This is a garment I still have from my high school sewing. A pink baby’s dress. It was part of my portfolio of coursework to be assessed for my O Level in needlecraft and dress. The brief was to make something that had some element of handsewn needlework - like embroidery. I chose smocking.
It’s very strange and lovely to be able to inspect something you have sewn decades ago as a sixteen year old. What strikes me are all the details in this dress. It must also have been very fiddly sewing something so small (especially the sleeves).
The dress has:
I think about the craft revival that’s happening now and sewing back then. I went to a state school, but it had a sewing room and sewing was on the curriculum. There were sewing workstations around the sides of the room, pressing equipment, bins of scrap fabrics, and the opportunity to learn to make clothes with a knowledgable teacher, who came to work in clothes she made. This isn’t the case in schools today.
I started to make clothes again in 2011 and this has been significant for me personally. Returning to sewing clothes felt soothing. Stitching fabric together and making something functional and beautiful felt like making a connection to something fundamental inside.
Sewing is a skill that has a history of being pass down from previous generations, usually via women - grandmothers, mothers, aunts. I think this dress makes a connection from myself as a sixteen year and now as a woman in my forties. When I discovered the sewing blogging community, it felt like I could contribute something to this passing on of sewing.
PS. The back of this dress is so sweet.
I used a lightweight dark denim fabric that I bought at Rachel’s meetup. At first I thought it was chambray, but on closer inspection - it actually has a diagonal weave, which would make it denim. It really is lovely - a rich dark blue/black colour, which has a liquid sheen to it when the light catches it.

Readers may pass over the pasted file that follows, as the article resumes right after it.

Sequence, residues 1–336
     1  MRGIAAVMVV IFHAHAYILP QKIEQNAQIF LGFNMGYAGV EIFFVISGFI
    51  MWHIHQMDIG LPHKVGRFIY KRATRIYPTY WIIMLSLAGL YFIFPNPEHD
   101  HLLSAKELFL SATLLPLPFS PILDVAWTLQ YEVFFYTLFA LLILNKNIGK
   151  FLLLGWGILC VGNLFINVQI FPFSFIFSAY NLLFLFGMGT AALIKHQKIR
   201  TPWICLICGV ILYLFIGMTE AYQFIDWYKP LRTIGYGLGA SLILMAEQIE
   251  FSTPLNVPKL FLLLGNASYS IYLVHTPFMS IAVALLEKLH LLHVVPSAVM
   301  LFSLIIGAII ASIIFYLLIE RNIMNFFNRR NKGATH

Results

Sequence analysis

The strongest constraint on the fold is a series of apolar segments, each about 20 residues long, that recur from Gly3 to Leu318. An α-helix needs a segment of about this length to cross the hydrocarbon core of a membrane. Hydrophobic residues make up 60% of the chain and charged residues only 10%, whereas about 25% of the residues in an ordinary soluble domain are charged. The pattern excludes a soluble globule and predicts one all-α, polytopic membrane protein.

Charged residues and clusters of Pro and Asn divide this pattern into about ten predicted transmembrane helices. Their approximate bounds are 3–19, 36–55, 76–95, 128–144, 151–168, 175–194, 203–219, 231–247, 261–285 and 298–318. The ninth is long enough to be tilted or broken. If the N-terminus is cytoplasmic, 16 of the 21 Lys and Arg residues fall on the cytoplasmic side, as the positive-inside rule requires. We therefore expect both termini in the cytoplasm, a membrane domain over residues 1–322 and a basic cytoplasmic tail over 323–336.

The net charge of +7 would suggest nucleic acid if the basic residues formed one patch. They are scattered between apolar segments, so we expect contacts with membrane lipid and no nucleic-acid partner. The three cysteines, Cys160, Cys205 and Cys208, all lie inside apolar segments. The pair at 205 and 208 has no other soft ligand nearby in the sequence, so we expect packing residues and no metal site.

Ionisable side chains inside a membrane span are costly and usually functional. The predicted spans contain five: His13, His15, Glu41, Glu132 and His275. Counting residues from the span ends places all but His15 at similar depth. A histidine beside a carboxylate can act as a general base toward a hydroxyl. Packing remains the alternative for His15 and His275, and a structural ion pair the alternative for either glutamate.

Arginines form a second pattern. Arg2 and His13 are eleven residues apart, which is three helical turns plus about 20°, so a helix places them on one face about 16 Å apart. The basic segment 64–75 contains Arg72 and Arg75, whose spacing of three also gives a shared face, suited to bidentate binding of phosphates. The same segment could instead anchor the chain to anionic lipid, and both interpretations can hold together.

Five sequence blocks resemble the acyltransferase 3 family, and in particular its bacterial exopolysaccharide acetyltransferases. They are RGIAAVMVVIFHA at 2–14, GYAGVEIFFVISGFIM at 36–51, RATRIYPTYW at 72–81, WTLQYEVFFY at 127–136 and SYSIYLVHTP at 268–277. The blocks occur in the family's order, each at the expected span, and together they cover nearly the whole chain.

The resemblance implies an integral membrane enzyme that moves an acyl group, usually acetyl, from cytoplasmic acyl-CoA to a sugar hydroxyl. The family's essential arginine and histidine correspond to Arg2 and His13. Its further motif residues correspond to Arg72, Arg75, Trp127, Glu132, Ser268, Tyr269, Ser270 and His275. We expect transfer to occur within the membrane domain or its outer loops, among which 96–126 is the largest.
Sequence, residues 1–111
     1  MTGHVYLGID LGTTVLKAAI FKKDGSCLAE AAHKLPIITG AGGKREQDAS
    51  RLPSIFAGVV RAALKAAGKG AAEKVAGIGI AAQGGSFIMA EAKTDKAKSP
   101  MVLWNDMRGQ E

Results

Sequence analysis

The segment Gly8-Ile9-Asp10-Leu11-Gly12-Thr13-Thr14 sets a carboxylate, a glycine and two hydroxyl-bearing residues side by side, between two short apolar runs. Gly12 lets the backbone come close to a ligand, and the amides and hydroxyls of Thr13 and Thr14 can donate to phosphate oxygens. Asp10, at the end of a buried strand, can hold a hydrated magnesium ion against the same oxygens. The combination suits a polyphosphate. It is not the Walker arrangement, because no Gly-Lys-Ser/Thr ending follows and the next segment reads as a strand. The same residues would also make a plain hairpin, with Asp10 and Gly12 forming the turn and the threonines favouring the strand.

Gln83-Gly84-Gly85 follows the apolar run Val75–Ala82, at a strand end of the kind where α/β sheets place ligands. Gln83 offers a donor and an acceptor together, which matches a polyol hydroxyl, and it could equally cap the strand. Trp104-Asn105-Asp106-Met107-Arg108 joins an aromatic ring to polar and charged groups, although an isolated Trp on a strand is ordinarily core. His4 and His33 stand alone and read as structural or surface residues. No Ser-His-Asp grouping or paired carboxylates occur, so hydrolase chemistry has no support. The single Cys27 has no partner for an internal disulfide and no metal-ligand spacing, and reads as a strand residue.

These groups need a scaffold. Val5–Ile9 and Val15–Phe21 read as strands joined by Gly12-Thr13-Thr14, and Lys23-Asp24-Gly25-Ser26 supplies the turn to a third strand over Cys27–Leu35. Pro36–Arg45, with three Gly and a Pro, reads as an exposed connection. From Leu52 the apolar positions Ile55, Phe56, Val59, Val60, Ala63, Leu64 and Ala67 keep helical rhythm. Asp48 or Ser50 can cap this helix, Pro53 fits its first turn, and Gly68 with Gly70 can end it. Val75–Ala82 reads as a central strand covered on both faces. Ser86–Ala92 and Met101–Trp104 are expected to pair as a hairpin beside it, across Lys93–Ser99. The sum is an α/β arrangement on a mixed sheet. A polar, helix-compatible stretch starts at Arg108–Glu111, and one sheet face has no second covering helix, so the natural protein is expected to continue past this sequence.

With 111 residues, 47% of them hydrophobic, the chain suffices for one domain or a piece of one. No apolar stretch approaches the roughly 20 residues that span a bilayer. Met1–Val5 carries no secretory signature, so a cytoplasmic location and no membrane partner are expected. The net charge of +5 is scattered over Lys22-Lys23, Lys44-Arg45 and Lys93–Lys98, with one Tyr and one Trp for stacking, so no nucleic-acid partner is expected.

I used red gingham piping on the front and back yoke seams, and at the waist seam. It’s not perfect, a bit uneven in places - if you look closely. I found it quite difficult to decide where to put the piping, or if it was too much or not enough. I think next time I might use piping on the wrap edge instead to accent the cross-over. I think this time I wasn’t too confident about adding piping and trying to sew the facing as well.
This make seemed to take me a long time, although it wasn’t too complex. Doing little bits here and there, amidst distractions and lapses of focus. Working on this dress took many ‘outings’: sewing on Clapham Common; hemming the sleeve on the tube on the way to work; hemming the other sleeve at my desk during my lunch break, and hemming the skirt at the London Dressmakers Club meetup at the Royal Festival Hall.
The adjustments I made were:
When I was adding the piping to the seams I realised that my sewing machine seam allowance markings are in imperial (inches) but I measure in metric (centimetres). I know it’s only a fraction difference, but when you’re trying to insert very skinny piping, it really makes a difference. So now I know!
This dress looks surprisingly smart (for denim) - so I think I could wear it for meetings etc. The red gingham stops it looking too serious - it’s reminds me of candy sticks.
I named this dress after Tom Odell’s amazing “Another Love" from the album "Long Way Down". There are songs that become soundtracks to your life and this one captures the mood during the period I made this dress.